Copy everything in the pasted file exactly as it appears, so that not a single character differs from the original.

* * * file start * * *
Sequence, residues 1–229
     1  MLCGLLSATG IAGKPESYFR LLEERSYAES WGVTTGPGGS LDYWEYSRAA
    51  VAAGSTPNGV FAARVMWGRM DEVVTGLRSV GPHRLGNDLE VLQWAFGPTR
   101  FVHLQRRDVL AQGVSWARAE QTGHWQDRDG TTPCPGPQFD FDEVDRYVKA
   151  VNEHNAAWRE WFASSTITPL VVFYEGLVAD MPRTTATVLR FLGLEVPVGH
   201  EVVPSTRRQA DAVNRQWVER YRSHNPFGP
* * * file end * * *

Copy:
Sequence, residues 1–229
     1  MLCGLLSATG IAGKPESYFR LLEERSYAES WGVTTGPGGS LDYWEYSRAA
    51  VAAGSTPNGV FAARVMWGRM DEVVTGLRSV GPHRLGNDLE VLQWAFGPTR
   101  FVHLQRRDVL AQGVSWARAE QTGHWQDRDG TTPCPGPQFD FDEVDRYVKA
   151  VNEHNAAWRE WFASSTITPL VVFYEGLVAD MPRTTATVLR FLGLEVPVGH
   201  EVVPSTRRQA DAVNRQWVER YRSHNPFGP